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Gender Based Violence Conference



About this event

The United Nations Declaration on the Elimination of Violence against Women defines violence against women as ‘any act of gender-based violence that results in, or is likely to result in physical, sexual, psychological or economic harm or suffering to women, including threats of such acts, coercion or arbitrary deprivation of liberty, whether occurring in public or in private life. In practice, violence against women and GBV, are terms used interchangeably to describe violence and other harmful acts directed at women. The Council of Europe, Convention on preventing and combating violence against women and domestic violence (the Istanbul Convention) acknowledges that such actions, rooted in gender inequality and abuses of power, both violate human rights and discriminate against women.

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GBV is a phenomenon which affects women in rich and poor countries, and across all sectors of society. Worldwide 35% of women have experienced physical and/or sexual violence, 7% of women have been sexually assaulted by someone who is not their partner, whilst 38% of murders of women are committed by intimate partners (World Bank, 2019). The UK Government suggests in its 2021 Tackling Violence Against Women and Girls Strategy that 1 in 4 women will experience domestic abuse (with more than 27% of women having experienced domestic abuse since the age of 16 compared to 14% of men), 1 in 5 women will be subjected to actual or attempted sexual assault in their lifetime (5% of victims are men), and 1 in 5 women will be the victim of stalking (20% of women compared to 10% of men). This is despite the plethora of policies and initiatives that have been developed, at national, regional and international level over the past thirty years designed to prevent such behaviours.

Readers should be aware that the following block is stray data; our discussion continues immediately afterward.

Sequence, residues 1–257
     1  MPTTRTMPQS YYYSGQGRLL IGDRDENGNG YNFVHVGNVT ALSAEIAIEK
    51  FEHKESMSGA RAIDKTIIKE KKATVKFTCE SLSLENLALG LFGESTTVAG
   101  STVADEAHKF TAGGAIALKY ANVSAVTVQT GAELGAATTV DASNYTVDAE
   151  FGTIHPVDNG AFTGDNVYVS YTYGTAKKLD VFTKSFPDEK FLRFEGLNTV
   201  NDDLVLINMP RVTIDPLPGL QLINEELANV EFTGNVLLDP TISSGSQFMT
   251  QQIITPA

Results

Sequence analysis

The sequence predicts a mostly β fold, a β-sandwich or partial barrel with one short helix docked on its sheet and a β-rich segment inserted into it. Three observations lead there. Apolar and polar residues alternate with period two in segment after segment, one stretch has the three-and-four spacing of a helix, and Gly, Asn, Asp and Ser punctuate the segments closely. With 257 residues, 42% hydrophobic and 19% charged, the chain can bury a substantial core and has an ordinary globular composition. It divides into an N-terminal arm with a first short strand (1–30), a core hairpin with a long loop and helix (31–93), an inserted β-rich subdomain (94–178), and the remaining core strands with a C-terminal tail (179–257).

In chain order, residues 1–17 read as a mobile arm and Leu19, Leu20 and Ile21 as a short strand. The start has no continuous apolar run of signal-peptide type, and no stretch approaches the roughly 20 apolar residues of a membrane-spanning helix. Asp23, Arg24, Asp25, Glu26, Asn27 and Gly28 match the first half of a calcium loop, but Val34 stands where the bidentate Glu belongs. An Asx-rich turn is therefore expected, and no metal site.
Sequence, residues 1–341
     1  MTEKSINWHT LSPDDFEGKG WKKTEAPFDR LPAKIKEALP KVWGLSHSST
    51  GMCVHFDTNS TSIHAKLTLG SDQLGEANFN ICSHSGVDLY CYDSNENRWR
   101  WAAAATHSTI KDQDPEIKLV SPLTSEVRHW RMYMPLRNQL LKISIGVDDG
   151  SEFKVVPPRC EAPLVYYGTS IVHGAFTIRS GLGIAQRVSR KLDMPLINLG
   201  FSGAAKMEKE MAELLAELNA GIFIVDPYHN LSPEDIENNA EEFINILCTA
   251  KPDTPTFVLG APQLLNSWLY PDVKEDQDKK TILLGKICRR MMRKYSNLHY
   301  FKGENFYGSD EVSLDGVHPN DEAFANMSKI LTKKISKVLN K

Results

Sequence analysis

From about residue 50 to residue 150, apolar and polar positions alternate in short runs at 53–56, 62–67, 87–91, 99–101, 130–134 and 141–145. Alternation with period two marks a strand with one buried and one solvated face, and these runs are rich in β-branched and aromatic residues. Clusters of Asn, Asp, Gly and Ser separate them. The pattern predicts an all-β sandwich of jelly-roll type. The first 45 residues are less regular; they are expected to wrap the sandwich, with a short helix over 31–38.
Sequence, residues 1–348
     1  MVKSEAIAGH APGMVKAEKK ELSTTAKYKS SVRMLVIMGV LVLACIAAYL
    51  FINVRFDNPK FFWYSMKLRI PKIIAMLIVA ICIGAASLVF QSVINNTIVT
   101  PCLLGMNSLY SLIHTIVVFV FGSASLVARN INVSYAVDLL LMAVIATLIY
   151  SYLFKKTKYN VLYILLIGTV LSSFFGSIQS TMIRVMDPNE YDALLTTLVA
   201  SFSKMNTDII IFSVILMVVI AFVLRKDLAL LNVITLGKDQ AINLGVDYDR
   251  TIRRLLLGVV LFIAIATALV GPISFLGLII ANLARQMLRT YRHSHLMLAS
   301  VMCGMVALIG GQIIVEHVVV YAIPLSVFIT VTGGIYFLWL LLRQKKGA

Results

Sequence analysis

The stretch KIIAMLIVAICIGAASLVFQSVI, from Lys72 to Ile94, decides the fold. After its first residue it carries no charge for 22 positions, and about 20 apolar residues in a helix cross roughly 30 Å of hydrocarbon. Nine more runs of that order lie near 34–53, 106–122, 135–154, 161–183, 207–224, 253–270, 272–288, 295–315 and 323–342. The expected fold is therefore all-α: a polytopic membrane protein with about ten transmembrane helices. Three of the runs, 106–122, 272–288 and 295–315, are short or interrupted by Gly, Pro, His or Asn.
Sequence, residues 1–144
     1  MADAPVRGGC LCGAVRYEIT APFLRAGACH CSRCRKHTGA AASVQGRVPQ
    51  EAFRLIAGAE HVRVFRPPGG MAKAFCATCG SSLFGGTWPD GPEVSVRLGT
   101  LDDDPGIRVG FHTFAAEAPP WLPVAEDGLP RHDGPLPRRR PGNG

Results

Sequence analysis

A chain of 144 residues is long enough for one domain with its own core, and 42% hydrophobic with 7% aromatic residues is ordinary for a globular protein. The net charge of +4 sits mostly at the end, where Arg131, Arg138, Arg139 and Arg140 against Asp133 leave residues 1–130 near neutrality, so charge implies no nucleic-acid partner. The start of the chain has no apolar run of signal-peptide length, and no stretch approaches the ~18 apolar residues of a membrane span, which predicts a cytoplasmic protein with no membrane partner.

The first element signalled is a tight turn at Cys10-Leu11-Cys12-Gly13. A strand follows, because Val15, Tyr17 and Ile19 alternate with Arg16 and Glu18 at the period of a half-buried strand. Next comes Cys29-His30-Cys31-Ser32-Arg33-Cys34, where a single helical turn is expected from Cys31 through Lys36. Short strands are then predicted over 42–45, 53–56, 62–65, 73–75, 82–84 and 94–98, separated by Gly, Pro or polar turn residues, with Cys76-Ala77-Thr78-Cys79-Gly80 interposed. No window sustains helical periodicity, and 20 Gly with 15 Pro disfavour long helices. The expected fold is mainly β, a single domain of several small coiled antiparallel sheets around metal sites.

The seminar, funded by the Society of Legal Scholars Small Events and Projects Fund, aims to:

  • To bring together academics, legal practitioners and professionals working in the area of GBV using the novel “After Dark” as a focal point to facilitate a multi-disciplinary dialogue on this topical area.
  • To support masters and postgraduate students from within and outside the law in the development of knowledge and critical approaches to the study of GBV and the law.
  • To further encourage interest from undergraduate and postgraduate students already undertaking or keen to undertake research in this and related areas of family law and criminal justice.
  • To encourage new learners through the dissemination of the activities to lecturers teaching relevant modules as part of a Law School curriculum.

The event will critically explore current legal responses to GBV both in the home and in public. It will use narrative fiction, specifically the novel “After Dark” which envisages a very radical alternative legal framework for tackling domestic violence, to prompt discussion of how the law should respond to GBV. Should you wish to receive a free copy of this ebook we ask that you note this in your registration and ensure that email details are provided. Please note that we will only be taking orders for books until 31 October, to provide all delegates ample time to read the book before the event.

Event Details



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